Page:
1. For small trees, simply set the ladder on the ground and climb to reach each fruit.
  2. For big and tall trees, bring the ladder up the tree and secure it on a strong branch by trying it. The position of the ladder should allow the bagger to reach each fruit and bag as many fruits as possible.
  3. Insert one fruit per bag then close the bag using coconut midrib.

How many times do I spray? What causes fruit fall? And when do I need to bag?

The number of pesticide spraying required to effectively protect flowers and fruits from insect pests and diseases varies with the prevailing weather conditions during the flowering and fruiting period. Regular pruning and bagging of fruits may also reduce the required number of pesticide applications. In general, early flower induction would require six sprays of fungicides and three sprays of insecticides since prevailing rainfall and relative humidity during this time is favorable to the development of fungal diseases. On the other hand, more sprays (6 times) of insecticides are needed during the late induction period since insects are expected to become a major problem during this period. These sprays of fungicides may be sufficient during late induction period.

Falling of fruits could be caused by several factors such as lack of nutrients, water, insect pest and disease damage, strong wind, hormonal imbalance, and many more.

What is the recommended distance of planting?

The usual recommended distance of planting for mango trees ranges from 10 to 14 meters and therefore, using this recommendation, you would need a maximum of 100 trees to a hectare.

Please give us information on high density planting of mango orchards!

High density planting has not yet been thoroughly studied for ‘Carabao’ mango in the Philippines. It could have the potential of generating more income during the early productive period of the orchard, but then overcrowding of canopies could become a serious problem very soon since ‘Carabao’ mango is a fast growing variety. Corporate farms who have tried high density planting, have not been successful with the system.

What are the advantages of using seedlings or grafted materials in the field?

An important advantage in using grafted material is that the waiting period from planting to fruiting is shorter than if seedlings are used. With grafted materials, you can expect the plants to bear fruit on the third or fourth year as opposed to a minimum of seven years if seedlings are used. Another advantage would be having more trees per hectare, since grafted trees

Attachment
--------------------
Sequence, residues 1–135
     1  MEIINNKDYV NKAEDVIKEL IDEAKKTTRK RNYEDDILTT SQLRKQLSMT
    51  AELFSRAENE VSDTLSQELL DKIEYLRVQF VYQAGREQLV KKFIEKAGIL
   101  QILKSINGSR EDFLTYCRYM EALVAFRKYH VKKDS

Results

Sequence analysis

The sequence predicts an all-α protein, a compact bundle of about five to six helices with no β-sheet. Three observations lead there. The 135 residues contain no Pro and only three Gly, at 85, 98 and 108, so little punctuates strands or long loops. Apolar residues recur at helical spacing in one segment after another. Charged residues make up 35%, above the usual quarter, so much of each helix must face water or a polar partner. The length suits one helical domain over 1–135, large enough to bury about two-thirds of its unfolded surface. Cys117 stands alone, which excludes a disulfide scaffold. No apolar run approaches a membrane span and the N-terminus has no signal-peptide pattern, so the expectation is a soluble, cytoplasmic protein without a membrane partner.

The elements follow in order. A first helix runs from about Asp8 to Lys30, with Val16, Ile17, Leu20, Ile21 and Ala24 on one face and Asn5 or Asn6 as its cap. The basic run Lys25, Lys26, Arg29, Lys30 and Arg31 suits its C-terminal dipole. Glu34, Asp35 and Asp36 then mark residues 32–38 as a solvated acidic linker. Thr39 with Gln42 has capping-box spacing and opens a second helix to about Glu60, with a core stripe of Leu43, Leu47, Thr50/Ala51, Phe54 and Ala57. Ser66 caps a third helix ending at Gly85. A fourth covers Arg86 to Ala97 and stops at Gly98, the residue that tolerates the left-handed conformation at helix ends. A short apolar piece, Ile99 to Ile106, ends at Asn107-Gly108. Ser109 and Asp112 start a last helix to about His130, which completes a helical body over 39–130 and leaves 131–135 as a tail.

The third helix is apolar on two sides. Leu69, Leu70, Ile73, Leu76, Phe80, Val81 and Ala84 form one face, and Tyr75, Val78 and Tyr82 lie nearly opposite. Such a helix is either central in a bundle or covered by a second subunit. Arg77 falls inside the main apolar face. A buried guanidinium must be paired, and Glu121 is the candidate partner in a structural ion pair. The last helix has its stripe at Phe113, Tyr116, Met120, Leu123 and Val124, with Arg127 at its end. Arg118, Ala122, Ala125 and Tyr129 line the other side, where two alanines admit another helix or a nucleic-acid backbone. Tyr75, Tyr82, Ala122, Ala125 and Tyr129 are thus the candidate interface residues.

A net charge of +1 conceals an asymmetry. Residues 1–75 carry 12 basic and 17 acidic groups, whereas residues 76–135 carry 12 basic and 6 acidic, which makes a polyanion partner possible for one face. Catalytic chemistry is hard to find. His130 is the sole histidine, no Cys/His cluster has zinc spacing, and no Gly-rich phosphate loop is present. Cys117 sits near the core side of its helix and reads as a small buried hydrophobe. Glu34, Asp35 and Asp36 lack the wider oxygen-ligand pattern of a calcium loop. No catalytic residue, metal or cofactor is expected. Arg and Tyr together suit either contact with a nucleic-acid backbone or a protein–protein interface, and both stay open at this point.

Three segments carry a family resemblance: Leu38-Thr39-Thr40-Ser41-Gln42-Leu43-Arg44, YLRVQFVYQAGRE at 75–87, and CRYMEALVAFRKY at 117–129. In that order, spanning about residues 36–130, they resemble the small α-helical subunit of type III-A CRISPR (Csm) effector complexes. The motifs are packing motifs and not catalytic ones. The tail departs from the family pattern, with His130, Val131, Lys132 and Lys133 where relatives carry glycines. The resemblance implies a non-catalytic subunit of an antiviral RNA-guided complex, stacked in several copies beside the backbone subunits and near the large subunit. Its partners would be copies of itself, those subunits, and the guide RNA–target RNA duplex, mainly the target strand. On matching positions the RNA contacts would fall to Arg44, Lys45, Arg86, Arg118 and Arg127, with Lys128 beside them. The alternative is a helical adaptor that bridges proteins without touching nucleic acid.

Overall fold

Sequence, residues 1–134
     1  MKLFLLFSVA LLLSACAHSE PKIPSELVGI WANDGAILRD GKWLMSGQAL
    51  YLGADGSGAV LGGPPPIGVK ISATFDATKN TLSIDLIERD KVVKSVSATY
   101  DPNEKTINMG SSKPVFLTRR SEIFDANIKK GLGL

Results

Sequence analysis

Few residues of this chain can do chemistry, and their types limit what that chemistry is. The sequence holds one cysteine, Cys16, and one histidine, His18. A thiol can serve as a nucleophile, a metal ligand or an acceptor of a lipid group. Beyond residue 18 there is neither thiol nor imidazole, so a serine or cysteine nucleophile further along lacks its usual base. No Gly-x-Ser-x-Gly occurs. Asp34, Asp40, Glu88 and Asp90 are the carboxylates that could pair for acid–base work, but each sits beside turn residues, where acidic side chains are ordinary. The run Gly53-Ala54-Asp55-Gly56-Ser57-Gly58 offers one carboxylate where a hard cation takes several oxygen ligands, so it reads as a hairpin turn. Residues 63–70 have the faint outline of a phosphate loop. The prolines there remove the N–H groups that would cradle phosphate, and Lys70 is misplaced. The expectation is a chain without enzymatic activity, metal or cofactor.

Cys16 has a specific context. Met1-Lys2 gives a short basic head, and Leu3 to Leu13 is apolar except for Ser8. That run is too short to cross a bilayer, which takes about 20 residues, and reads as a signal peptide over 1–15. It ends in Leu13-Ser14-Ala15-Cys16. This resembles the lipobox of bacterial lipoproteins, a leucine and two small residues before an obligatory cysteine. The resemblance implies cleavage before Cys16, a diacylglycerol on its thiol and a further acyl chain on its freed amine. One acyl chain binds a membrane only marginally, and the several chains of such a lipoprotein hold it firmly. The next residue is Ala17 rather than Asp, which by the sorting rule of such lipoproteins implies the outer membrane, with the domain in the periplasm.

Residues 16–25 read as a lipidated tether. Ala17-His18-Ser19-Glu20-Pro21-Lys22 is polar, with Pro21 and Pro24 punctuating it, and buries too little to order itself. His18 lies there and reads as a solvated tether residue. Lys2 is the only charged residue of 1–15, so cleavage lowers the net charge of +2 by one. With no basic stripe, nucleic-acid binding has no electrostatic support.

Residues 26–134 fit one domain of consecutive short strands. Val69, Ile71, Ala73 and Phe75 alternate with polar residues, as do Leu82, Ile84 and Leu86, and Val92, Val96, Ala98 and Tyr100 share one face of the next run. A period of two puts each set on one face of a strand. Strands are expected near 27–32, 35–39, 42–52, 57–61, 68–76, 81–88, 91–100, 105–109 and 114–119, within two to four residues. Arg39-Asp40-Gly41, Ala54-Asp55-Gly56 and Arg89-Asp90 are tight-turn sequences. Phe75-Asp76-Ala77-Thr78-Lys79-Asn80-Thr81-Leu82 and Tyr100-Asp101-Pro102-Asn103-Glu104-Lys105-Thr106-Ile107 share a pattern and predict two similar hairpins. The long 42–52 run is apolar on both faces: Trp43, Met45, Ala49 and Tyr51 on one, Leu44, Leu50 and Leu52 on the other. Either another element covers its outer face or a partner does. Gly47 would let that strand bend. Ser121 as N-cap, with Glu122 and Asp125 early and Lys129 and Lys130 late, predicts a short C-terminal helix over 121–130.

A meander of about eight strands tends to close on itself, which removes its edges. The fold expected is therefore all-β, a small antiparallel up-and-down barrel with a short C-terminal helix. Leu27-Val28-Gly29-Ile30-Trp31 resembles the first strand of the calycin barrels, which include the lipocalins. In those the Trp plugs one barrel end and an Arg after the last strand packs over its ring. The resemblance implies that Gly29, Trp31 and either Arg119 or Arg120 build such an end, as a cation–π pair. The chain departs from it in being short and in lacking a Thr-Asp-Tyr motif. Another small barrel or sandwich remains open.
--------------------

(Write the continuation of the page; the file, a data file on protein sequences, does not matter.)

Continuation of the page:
tend to remain smaller compared to seedling trees.

Where can we source good and reliable planting materials?

The best sources of planting materials include government agencies like the Bureau of Plant Industry and universities and colleges like UP Los Baños. Nurseries accredited by BPI could also supply recommended planting materials.

What is more advantageous – a small or a big mango tree?

On a management point of view, a small tree is easier to manage than a bigger one. With small trees, one advantage is that you would be able to accommodate more trees within a specific area. It is also much easier to apply the cultural management practices with small trees. If the trees are to be climbed, accident risks are also minimized.

What are we going to do with fallen mango trees due to typhoon?

The mango trees will eventually recover after sometime without the need of propping since the roots will eventually resume its normal growth and hold the tree on its own. However, the trees will not regain its normal posture. But this should not worry you as it has been observed that fallen trees, which have recovered, are more responsive to flower induction. Moreover, these trees will be more resistant against wind damage aside from the additional bonus of ease in harvesting the fruits. As to pruning operations, prune only the inner smaller branches of the tree. However, pruning needs will differ slightly as the tree grow older.

Have we tried to improve other local varieties like ‘Pico’?

Nothing has been done to improve this variety. The ‘Pico’ has a very limited market and therefore has not been given as much research attention as the ‘Carabao’.

If you need to contact mango buyers, traders/exporters, growers, experts, processors, input suppliers, or institutions, you’ve come to the right section! The following directories are now available.

For more information, email [email protected] or visit Mango Information Network

source: Dr. Leon O. Namuco, Mango Information Network